Enbridge is proposing two pipelines to Kitimat BC to take Tar Sands gunk (more politely “bitumen”) to tankers who at 300 per year will take it to China as is, or to the United States for refining, thence China.  Today I want to deal with the pipelines only. The horrible consequences of tankers on our coast are for another column.

First off, there is no question that there will be leaks and that any leak will be serious and in a remote area. The lines will cross over 800 rivers and streams, all fish bearing - three of which are important salmon spawning rivers.

Two questions arise. When there’s a spill somewhere in the heart of wilderness, how long does it take to find it and, once found, what can you do about it?

The answer is you don’t know and there’s nothing you can do about it.

Here is the interesting point – in their promotional materials, Enbridge expressly admits that there will be spills because they talk not of  eliminating leaks but of "managing" them.

That last line is critical because it’s Enbridge’s confession that they cannot prevent spills – in fact the confession is certified by this release called Enbridge Line 6B Response, wherein Enbridge talks about “risks”, opening with this:

Because of their location and the products they carry, pipelines may come in contact with water, bacteria and various chemicals, all of which can corrode steel. Both the interior and exterior of the line are potentially subject to corrosion. We combat [not eliminate – my comment -RM] corrosion by:

  • using high-quality materials and anti-corrosion coatings
  • scheduling regular monitoring and inline inspections to check for corrosion
  • scheduling excavation and repair programs identified by inline inspections
  • using cathodic protection (a low level electrical current) to inhibit corrosion of underground pipelines
  • using modelling tools to predict corrosion growth rates along pipelines
  • using inline devices known as "pigs" to clean and inspect pipelines from the inside
  • using specialized corrosion inhibitors within the pipeline to address internal corrosion”

Thus the candid admission that there will be spills.

Under Managing Stress Corrosion and Cracking, Enbridge says:

Stress corrosion cracking (SCC) is a crack initiation and growth process that can occur in steel pipelines. Research has shown that SCC is caused by a number of factors, including pipe material, stress and the environment surrounding the pipe. SCC typically occurs on the exterior of the pipe. This type of cracking has the potential to penetrate the steel and cause a pipeline break.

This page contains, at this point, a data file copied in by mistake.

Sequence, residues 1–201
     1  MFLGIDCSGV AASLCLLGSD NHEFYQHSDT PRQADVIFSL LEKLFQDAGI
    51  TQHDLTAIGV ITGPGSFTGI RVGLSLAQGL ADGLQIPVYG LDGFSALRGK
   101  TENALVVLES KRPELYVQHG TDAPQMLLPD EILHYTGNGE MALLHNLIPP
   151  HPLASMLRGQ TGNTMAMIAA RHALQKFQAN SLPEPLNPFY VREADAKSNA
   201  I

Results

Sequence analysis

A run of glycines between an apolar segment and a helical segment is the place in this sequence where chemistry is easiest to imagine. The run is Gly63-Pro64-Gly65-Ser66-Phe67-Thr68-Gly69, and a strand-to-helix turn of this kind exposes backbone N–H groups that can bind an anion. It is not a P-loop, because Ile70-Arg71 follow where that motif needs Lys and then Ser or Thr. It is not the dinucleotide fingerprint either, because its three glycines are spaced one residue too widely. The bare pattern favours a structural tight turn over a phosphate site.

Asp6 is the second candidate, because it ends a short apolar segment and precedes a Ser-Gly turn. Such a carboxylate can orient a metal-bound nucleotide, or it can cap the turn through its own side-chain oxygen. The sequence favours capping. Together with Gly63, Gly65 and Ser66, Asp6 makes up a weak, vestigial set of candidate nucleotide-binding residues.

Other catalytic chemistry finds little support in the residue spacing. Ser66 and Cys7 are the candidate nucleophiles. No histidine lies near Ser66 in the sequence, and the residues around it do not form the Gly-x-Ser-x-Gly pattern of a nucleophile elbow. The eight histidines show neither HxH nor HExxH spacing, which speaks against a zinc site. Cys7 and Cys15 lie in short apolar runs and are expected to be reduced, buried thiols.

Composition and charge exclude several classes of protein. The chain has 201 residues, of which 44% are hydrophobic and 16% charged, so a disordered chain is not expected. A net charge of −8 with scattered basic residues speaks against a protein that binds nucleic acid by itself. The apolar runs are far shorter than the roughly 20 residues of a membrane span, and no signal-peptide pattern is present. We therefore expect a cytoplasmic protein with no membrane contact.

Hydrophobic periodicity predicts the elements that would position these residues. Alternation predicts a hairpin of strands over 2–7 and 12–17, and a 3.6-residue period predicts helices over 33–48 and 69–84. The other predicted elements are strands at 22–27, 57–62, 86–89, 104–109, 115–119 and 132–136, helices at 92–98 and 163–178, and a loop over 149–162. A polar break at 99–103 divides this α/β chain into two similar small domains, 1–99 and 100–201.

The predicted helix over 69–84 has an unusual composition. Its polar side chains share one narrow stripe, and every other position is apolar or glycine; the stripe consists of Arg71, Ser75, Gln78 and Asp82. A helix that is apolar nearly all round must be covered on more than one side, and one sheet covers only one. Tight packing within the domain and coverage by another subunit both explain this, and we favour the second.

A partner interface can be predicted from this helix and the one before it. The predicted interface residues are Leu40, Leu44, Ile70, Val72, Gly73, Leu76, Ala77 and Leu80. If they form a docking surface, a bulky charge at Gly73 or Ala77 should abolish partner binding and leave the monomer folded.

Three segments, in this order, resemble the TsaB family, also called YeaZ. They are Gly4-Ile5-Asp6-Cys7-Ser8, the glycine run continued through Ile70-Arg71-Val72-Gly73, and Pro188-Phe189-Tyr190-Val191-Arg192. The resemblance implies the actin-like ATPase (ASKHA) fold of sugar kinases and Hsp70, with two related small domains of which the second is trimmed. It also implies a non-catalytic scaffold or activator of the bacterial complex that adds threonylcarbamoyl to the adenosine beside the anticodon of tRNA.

You will note that there is no action to eliminate stress corrosion.

Under Setting Leak Reduction Targets And Performance Goals: "We believe that pipeline safety and reliability begin with prevention. This means recognizing conditions that have been known to cause failures in the past – then working to minimize the risk."

Again, Enbridge does not talk about eliminating the “risk” but managing it!

This release confirms what The Common Sense Canadian has been saying all along: spills from pipelines are not “risks” at all but dead certainties.

There is more to it than this. Throughout the debate there has been no mention of outside causes such as terrorism or vandalism. Think on that a moment – 1070 km of dangerous Tar Sands gunk over a wilderness area and no one is considering these threats!

If there is a leak from any reason, how does Enbridge respond? How do they find the problem and once having found it, how do they get to it?  Moreover, how do they get heavy equipment to the site, and once there, what the hell do they do about it?

A good example of how Enbridge handles spills is found in the spill in July 2010 in the Kalamazoo River in Michigan, a highly populated area. It took several days to get to the spill and in nearly 18 months Enbridge has not come close to cleaning it up!

In fact it’s not possible to clean up oil spills – the Exxon Valdes spill in 1989 is still not cleaned up.

No matter what is said, and by Enbridge’s confession, Pipeline ruptures cannot be stopped but are dead certainties, the only question being the damage done. In our case, by the nature of the location the resultant spills will create appalling, ongoing and long-term consequences.

We simply cannot let this happen.